I envy those writers who still use a pen and paper to get their words down. Writing by hand has a very warm quality to it — like choosing to listen to vinyl over an mp3. One of my professors always recommended starting by hand, in a very special book dedicated to writing. I never listened to him.
Then no matter where you are, in a crowded restaurant or on some desolate street or even in the comforts of your own home, you'll watch yourself dismantle every assurance you ever lived by. You'll stand aside as a great complexity intrudes, tearing apart, piece by piece, all your carefully conceived denials, whether deliberate or unconscious. And for better or worse you'll turn, unable to resist, though try to resist you still will, fighting with everything you've got not to face the thing you most dread, what is now, what will be, what has always come before, the creature you truly are, the creature we all are, buried in the nameless black of a name. And then the nightmares will begin.
Inspiration strikes in strange places: sometimes you have to hunt it down, and sometimes it lands in your lap like a brightly coloured, ticking package just waiting to go off. I wonder if I like writing so much because it encourages me to research weird stuff. Partially I wonder if it’s because I like to magpie curiosities in Evernote for use later. The strangest collection of seemingly useless information appears in the most bizarre fashion in my fiction sometimes.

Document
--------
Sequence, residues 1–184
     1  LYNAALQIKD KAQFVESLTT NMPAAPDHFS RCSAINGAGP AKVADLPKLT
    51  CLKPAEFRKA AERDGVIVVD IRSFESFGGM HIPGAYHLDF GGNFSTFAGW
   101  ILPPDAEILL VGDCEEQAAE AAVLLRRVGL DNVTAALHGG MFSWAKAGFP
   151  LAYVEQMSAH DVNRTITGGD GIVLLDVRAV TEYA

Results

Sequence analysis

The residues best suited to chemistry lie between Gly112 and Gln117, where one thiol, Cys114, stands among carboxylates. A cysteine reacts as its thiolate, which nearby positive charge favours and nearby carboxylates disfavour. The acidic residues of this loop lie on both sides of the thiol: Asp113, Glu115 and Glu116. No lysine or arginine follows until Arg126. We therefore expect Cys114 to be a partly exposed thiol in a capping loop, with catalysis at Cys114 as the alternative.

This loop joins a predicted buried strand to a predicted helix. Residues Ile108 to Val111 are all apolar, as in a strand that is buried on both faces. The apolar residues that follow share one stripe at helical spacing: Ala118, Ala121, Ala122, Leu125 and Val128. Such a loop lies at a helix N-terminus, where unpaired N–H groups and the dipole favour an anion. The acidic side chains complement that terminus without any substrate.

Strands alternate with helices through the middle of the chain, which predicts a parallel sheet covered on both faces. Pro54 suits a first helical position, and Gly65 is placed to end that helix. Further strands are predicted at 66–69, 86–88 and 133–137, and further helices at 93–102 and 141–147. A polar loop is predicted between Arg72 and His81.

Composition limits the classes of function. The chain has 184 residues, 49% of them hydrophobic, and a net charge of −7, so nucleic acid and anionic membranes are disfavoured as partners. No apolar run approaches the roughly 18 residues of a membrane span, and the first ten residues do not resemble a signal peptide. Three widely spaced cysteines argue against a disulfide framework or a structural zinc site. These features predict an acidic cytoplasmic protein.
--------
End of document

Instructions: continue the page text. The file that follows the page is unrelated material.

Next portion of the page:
It’s springtime! Snow is melting, the sun is out, and I’ve had a great “maker” weekend where all I’ve done is write, design, and further develop a couple of projects I’ve had going. A few days ago I wrote about taking the first steps towards establishing my author branding. The idea solidified a couple of days back, and so began three nights of furious illustration.
I had a rough night a few days back. Office squabbles. I managed to offend someone unintentionally, which resulted in back biting and catty sniping and word getting back to my boss (which we both subsequently laughed at, and opting for a direct approach addressed the matter head on by addressing the offended parties) which resulted in more back biting and catty sniping but to my face this time. At which point I gave up. Team player? Only if the game we’re playing is one of those Mayan suicide runs where the losing team gets sacrificed to the winners’ gods in the end.
The problem with novel writing is that there are constantly a bunch of things you need to keep warm on a back burner someplace in your brain or you forget all about they whys and the wherefores and its easy to get lost. I sometimes forget why I’m doing this — writing this book — on the particularly hard days when it’s not going well and that little voice of self-doubt says the work is only a mix of vanity and self-flagellation and my time could be better spent actually living life instead of imagining someone else’s.